Diagnosis and Treatment of Kidney Diseases in Horses

Diagnosis and Treatment of Kidney Diseases in Horses

Horses that survive an acute episode can recover fully or might have persistent kidney damage that is considered irreversible chronic kidney disease (CKD). In early or less severe cases, increased drinking and urination could be the only signs noted.

Photo: The Horse Staff

American author Roger Kahn once wrote, "Boxing is smoky halls and kidneys battered until they bleed." Horses don't typically engage in behaviors that batter each other's kidneys; however, there are many causes of both acute and chronic kidney damage worth "boxing around" when faced with a sick horse.

"Acute kidney injury usually develops in horses as a complication of another disease process, or as a side effect from medications, or exposure to toxins (see sidebar at left)," relayed Hal Schott II, DVM, PhD, Dipl. ACVIM, professor of equine medicine at Michigan State University's College of Veterinary Medicine during his presentation at the 12th Congress of The World Equine Veterinary Association, held Nov. 2-6, 2011, in Hyderabad, India.

Acute kidney injury is the current term for compromised renal function that is often reversible if treated appropriately. Clinical signs of horses with acute kidney injury can be as nonspecific as anorexia and lethargy or more obvious as little to no urine production.

Horses that survive an acute episode can recover fully or might have persistent kidney damage that is considered irreversible chronic kidney disease (CKD). In early or less severe cases of CKD, increased drinking and urination could be the only signs noted. As CKD progresses horses suffer weight loss and often have decreased exercise capacity, a dull hair coat, and mild edema (swelling) between their forelimbs. Because the kidneys aren't filtering the blood properly when affected by CKD, waste products can build up in the circulation causing tartar buildup on horse's teeth and ulcers in the oral cavity, stomach, and intestines.

"Unfortunately, horses with chronic kidney disease do not have a favorable long-term prognosis, but they can live comfortably with supportive therapy for several months or even a few years," said Schott.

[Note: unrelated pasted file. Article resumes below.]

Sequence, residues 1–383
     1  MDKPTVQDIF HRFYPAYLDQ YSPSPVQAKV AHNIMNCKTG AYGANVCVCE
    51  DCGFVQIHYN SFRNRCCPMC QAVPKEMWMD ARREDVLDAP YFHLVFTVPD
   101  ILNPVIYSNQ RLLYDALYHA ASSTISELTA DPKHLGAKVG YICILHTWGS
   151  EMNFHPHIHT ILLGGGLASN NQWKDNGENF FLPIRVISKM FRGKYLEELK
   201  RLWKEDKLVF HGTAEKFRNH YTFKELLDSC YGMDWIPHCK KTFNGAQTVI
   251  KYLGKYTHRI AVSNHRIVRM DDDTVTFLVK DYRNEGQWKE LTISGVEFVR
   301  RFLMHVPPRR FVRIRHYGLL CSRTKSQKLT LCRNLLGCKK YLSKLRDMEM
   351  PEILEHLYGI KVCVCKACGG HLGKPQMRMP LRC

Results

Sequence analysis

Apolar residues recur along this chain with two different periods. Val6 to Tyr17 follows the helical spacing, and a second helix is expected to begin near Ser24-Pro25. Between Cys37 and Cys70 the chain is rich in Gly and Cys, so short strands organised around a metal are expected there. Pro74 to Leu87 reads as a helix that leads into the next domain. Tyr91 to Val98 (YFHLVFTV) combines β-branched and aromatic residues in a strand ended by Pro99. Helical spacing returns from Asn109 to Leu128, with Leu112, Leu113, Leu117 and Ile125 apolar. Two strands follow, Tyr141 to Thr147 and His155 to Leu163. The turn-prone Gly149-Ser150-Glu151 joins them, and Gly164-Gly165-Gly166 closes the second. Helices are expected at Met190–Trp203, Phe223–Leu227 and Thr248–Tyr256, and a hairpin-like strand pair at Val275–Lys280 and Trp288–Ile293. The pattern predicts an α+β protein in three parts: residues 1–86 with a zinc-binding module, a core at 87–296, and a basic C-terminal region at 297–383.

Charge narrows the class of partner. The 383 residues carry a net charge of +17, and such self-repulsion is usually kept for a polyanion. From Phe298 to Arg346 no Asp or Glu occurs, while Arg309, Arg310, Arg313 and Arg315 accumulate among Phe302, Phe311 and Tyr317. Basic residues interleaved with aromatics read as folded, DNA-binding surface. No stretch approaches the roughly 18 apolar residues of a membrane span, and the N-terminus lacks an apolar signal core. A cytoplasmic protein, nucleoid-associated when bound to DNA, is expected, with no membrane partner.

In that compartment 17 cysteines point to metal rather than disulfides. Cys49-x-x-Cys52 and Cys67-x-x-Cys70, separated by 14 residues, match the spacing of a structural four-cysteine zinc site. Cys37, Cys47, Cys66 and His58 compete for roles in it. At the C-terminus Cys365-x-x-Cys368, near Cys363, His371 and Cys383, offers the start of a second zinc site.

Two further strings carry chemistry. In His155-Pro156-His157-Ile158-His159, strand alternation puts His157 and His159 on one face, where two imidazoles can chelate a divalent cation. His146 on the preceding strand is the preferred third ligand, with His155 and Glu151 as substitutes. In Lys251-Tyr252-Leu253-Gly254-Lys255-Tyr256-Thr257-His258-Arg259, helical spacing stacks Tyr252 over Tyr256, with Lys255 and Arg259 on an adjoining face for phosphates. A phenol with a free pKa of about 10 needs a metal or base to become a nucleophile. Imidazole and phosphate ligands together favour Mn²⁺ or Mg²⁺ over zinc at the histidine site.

Such therapies include:

  • Maintaining body condition (feed grain, fat, and protein while maintaining a neutral nitrogen balance)--the best diet is high quality pasture grass;
  • Supplementing with omega-3 fatty acids;
  • Decreasing calcium intake (by feeding grass hay instead of alfalfa); and
  • Routinely monitoring creatinine blood levels (a measure of the "health" of the kidney) as well as electrolyte concentrations and acid-base balance.

Other causes of chronic kidney disease are seen in foals or young horses and include renal hypoplasia (incomplete kidney development) or dysplasia (improper kidney development) and polycystic kidney disease (development of numerous cysts in the kidneys).

Regardless of the cause, once a horse's blood creatinine levels exceed 5 mg/dL, the condition tends to accelerate and the horse's life expectancy is generally limited to a few months.

A full summary of Schott's presentation will be available for free on the International Veterinary Information System.

About the Author

Stacey Oke, DVM, MSc

Stacey Oke, MSc, DVM, is a practicing veterinarian and freelance medical writer and editor. She is interested in both large and small animals, as well as complementary and alternative medicine. Since 2005, she's worked as a research consultant for nutritional supplement companies, assisted physicians and veterinarians in publishing research articles and textbooks, and written for a number of educational magazines and websites.

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